New Plant to Capture Ten Times More CO2 from Atmosphere at Hellisheiði

green energy iceland

A new plant in Iceland will capture 36,000 tonnes of carbon dioxide directly out of the atmosphere, increasing the direct air carbon capture at Hellisheiði Power Station tenfold. Named Mammoth, the new facility adds to the existing 4,000 tonnes captured by the plant Orca, which commenced operations at the same location in September 2021, the first of its kind in the world. The plants are a project of Swiss company Climeworks, in collaboration with Carbfix and ON Power.

Hellisheiði Power Station is the world’s third-largest geothermal power plant. Since 2012, the Carbfix project has been capturing carbon dioxide directly from the plant’s emissions, in collaboration with Climeworks. Once captured, the carbon dioxide is dissolved in water, pumped into the ground, and turned to stone, thus permanently removing it from the atmosphere. Orca and Mammoth, however, capture carbon directly from the atmosphere, making them key technologies in the fight against climate catastrophe.

See Also: Set in Stone

“Today is a very important day for Climeworks and for the industry as construction begins on our newest, large-scale direct air capture and storage plant,” stated Jan Wurzbacher, co-founder and co-CEO of Climeworks.

The IPCC’s latest report shows that in addition to significant reductions in emissions, the capture and storage of CO2 from the atmosphere is a necessary component of most scenarios limiting global warming to 1.5 degrees by 2100. The report states that to reach this goal, up to 310 gigatonnes of CO2 must be captured from the atmosphere by that time.

“Large-scale carbon removal is vital in addition to rapid emission reduction if we are to reach our climate goals and our mineralisation technology provides the safest and most permanent storage mechanism for capture CO2,” stated Edda Sif Pind Aradóttir, CEO of Carbfix.

Climeworks is currently running pilot projects around the world to determine other suitable locations for their carbon capture technology.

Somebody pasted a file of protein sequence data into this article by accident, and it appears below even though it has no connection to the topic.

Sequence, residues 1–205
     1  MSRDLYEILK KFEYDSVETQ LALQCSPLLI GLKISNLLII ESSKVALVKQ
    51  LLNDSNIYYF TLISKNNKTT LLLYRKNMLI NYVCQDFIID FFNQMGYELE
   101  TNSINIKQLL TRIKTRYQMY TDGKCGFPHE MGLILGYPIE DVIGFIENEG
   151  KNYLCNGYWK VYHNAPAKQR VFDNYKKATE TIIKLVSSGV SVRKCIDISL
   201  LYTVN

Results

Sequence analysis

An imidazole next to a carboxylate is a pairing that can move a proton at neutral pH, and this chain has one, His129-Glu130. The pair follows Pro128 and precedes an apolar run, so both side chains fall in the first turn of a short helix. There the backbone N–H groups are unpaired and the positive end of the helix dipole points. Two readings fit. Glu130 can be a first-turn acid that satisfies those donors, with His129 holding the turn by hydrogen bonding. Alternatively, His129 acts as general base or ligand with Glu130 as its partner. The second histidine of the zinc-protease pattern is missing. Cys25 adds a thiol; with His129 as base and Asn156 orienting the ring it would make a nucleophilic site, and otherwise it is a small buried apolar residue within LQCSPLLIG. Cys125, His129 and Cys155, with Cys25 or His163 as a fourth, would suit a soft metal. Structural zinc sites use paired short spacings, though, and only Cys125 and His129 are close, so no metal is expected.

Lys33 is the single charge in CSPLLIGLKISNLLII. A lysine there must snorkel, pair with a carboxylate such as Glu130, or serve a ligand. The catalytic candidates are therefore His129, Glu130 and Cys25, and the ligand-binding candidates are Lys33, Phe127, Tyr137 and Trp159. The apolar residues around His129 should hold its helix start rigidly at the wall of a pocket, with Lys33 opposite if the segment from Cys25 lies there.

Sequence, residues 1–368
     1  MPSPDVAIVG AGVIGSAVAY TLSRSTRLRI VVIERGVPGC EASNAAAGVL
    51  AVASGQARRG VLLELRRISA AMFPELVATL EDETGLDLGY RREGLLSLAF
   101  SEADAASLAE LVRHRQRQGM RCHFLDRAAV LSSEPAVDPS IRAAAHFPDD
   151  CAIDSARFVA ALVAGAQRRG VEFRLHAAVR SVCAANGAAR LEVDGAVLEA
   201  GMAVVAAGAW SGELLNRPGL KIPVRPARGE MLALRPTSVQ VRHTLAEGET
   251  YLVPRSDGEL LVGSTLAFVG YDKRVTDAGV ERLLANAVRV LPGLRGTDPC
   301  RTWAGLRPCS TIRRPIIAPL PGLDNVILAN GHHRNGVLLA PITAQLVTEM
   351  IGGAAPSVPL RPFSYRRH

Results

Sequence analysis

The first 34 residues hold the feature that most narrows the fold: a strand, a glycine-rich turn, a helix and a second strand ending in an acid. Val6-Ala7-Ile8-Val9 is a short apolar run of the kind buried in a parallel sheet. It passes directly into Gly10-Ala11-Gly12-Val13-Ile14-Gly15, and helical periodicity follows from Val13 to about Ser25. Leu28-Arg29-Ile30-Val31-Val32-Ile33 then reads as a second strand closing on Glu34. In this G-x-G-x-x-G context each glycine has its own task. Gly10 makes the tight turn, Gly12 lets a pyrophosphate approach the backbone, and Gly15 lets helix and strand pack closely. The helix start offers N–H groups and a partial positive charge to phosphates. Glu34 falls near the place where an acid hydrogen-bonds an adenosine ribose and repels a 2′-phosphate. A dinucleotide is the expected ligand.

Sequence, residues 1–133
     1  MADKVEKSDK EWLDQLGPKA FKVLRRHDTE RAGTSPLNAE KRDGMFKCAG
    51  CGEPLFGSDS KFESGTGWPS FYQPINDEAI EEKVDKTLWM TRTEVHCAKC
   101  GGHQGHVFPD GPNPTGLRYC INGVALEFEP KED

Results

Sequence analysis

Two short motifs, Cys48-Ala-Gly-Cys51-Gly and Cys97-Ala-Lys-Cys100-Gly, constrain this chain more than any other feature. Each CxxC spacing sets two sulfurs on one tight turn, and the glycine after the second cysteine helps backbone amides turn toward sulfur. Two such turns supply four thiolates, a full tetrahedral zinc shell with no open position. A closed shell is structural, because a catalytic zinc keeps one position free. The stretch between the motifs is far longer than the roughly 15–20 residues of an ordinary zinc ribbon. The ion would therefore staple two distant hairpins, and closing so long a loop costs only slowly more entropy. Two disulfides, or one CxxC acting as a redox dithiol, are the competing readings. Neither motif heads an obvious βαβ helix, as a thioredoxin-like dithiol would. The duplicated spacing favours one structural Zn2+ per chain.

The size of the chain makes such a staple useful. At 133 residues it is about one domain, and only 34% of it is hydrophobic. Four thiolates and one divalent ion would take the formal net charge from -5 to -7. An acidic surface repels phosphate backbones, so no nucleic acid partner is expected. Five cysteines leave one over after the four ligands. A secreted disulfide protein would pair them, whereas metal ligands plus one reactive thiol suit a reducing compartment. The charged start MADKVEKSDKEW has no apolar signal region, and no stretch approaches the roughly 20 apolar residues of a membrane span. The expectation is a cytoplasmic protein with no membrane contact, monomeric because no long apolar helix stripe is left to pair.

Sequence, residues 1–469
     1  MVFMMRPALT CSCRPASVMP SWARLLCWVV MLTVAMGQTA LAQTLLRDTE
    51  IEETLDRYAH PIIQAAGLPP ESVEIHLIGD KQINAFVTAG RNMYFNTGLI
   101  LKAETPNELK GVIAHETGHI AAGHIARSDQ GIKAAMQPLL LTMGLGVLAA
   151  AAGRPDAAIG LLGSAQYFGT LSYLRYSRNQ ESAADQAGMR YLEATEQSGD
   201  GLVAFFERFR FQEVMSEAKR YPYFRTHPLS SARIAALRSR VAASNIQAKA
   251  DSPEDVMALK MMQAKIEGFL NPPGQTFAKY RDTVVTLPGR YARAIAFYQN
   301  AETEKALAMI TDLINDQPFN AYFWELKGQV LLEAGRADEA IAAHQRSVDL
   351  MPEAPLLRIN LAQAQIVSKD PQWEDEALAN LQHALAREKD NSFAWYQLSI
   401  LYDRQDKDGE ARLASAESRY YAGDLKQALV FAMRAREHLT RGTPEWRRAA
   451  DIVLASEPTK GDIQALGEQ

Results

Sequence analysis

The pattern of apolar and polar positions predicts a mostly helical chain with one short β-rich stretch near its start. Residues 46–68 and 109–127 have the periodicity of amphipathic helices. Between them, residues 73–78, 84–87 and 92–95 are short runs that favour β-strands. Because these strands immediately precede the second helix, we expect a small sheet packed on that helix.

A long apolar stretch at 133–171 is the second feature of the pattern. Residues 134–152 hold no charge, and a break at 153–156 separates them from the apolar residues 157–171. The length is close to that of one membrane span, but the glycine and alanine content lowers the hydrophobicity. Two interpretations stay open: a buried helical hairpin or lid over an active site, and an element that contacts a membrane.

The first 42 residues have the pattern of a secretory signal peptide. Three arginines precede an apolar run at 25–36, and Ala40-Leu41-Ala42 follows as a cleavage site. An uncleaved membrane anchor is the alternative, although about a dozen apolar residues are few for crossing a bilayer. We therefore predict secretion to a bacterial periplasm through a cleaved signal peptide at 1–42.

New Technology for Prawn Fishing Uses Light to Reduce Emissions

An Icelandic company has developed a technology for prawn fishing that uses light to herd prawn up from the sea floor. This allows the fishing equipment to remain off the sea floor, leading to less disturbance of the environment and lower emissions than conventional trawling. The technology is set to be put on the market soon.

Herding prawn with light

“We are developing the next generation of fishing equipment. Fishing equipment that can fly close to the bottom without touching the bottom. Then we have a light that herds,” Halla Jónsdóttir, founder of Optitog, told RÚV reporters. Optitog has named this patented light beam technology “Virtual Trawl” and has data that shows that it results in higher yields, compared to using the equipment with the light off.

“We have a special light that forms a sort of wall or line in the sea and we see that it works to herd [the prawn].” The prawn swims ahead of the light, up off the sea floor and into the nets. It’s possible to set the equipment so that it travels a consistent distance above the sea floor, for example 30 centimetres [11.8 inches].

Lower emissions

Because Optitog’s equipment does not trawl along the sea floor, it encounters 30% less resistance than conventional trawling, meaning the method drastically reduces fuel consumption. By leaving the sea floor largely undisturbed, the new technology also reduces CO2 emissions caused by disturbing organic material on the bottom of the ocean.

Halla says that a Norwegian party is working to put Optitog on the market as an environmentally-friendly fishing technology. Halla believes the technology could be applied to fishing other species.

Life-Threatening Conditions in Eldvörp Caves, Warning Issued

Grindavík - Þorbjörn

Following gas measurements conducted yesterday, the Icelandic Met Office has issued a warning for caves near the Eldvörp crater row in the Reykjanes peninsula (west of the Blue Lagoon). The Met Office conducts such analyses every week after a series of earthquakes, which resulted in considerable land uplift near Mt. Þorbjörn by Grindavík, occurred in late January.

A warning issued by a natural hazard expert with the Met Office states that changes in gas concentration have been measured, and in light of this the Met Office warns against exploring caves in the area. Measurements within one cave, in particular, indicated a life-threatening concentration of carbon dioxide along with a lack of oxygen.

“There are many caves in the area, but the cave in question is near a parking lot popular among travellers seeking to visit the Eldvörp crater row,” the statement reads. The Department of Civil Protection and Emergency Management has been apprised of the situation.